Daily Archives: Tuesday, March 31, 2015

Event: Evolving understandings of racism and resistance – local and global conceptions and struggles

We are delighted to invite you to the following one-day conference at the Centre for Migration, Refugees and Belonging, University of East London in conjunction with the BSA Race and Ethnicity Study Group:

‘Evolving understandings of racism and resistance – local and global conceptions and struggles’


Date: Friday 1st May 2015

Launching the ESRC-funded seminar series, ‘Racism and Political Mobilisation: learning from history and thinking internationally’, organised by Gargi Bhattacharyya (UEL), Satnam Virdee (Glasgow) and Aaron Winter (UEL).

This conference responds to the urgent need to understand how and why people have mobilised around ethnicity – to challenge racism or to fight for social justice – despite other exclusionary forms of ethnic politics, including campaigns of racism. Whereas we have learned to argue against social policy that divides the population by ethnicity (Commission for Integration and Cohesion, 2007), there is little contemporary debate about the socially beneficial potential of calls to ethnic identity in enabling political mobilisation. At a time when there is widespread disillusionment with mainstream politics and unexpected and relatively unknown political groupings can emerge to prominence with little warning, it is essential that we understand the range of forms of ethnic mobilisation and the implications of these diverse forms of political engagement.

These questions become urgent in a context of the resurgence of racist movements across Europe and the continuation and intensification of communal divisions in many regions. In many urban spaces, the impacts of economic crises and war have remade the terrain of racism and inequality, hardening some divisions and giving rise to new kinds of ethnic mobilisation that reference religious, national, regional and ethnic identity in ways that reflect the transnational connectedness of these mobile populations.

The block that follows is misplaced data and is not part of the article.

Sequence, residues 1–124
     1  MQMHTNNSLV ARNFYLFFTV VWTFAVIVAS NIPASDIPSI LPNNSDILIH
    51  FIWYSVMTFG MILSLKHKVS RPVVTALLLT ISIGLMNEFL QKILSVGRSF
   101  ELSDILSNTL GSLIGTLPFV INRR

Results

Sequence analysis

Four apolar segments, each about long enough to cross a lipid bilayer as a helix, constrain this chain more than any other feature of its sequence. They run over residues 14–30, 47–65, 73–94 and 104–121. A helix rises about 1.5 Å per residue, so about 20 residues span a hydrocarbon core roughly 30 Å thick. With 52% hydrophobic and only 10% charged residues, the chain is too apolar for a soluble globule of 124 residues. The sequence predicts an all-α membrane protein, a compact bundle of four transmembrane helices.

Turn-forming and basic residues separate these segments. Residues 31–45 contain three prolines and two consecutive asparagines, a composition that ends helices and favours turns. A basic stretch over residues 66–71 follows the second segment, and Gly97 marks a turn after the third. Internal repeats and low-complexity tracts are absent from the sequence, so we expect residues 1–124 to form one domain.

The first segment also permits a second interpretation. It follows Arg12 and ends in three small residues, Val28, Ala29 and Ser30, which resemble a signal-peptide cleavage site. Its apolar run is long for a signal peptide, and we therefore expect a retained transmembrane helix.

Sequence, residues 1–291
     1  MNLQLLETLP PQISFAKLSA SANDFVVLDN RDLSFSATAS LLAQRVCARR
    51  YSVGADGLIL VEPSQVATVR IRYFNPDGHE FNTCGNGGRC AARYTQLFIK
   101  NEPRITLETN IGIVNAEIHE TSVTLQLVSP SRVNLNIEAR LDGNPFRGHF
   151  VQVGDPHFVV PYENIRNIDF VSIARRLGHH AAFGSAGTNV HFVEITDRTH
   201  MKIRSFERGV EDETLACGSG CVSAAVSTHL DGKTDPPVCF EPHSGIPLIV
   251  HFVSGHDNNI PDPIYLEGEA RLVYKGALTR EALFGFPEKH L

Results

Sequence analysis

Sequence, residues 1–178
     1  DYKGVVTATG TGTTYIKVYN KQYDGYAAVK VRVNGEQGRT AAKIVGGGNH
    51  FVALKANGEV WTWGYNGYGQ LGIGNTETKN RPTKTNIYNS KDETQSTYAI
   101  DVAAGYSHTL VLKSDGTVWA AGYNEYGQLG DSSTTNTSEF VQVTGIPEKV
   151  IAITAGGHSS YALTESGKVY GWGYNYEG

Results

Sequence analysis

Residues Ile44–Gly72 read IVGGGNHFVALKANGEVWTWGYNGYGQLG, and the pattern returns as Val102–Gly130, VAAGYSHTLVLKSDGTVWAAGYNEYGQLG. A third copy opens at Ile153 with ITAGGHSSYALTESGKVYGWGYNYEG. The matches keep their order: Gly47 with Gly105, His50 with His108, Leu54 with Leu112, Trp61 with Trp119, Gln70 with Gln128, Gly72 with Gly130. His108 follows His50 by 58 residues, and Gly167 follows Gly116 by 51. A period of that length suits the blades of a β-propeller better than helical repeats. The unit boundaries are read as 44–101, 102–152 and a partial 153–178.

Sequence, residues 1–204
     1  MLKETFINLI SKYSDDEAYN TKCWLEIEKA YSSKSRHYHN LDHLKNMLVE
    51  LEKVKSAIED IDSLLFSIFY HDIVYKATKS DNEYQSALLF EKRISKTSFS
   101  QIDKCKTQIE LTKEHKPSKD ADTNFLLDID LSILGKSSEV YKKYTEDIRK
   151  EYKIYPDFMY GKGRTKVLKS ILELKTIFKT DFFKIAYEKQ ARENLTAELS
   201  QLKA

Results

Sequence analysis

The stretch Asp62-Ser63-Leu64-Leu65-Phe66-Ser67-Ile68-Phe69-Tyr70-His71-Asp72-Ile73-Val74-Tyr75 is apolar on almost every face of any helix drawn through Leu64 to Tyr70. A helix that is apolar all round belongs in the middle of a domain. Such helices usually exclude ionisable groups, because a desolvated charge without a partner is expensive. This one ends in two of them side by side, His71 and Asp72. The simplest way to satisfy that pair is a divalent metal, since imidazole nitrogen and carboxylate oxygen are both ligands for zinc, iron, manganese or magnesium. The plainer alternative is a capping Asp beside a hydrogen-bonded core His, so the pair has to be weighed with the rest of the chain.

Papers and discussions will address the following questions and debates, and more:

– contemporary and historical examples of movements against racism and the role of ethnic mobilisation within such movements
– the role played by ethnic mobilisations in wider movements for social justice
– changing terrains of racism and new articulations of anti-racist resistance

Programme Forthcoming.

Please register at https://www.eventbrite.co.uk/e/evolving-understandings-of-racism-and-resistance-tickets-16258660090


Reminder: Eastside Community Heritage Lecture Series 2015 to include Talk on Refugee Council Archive


Eastside Community Heritage Lecture Series 2015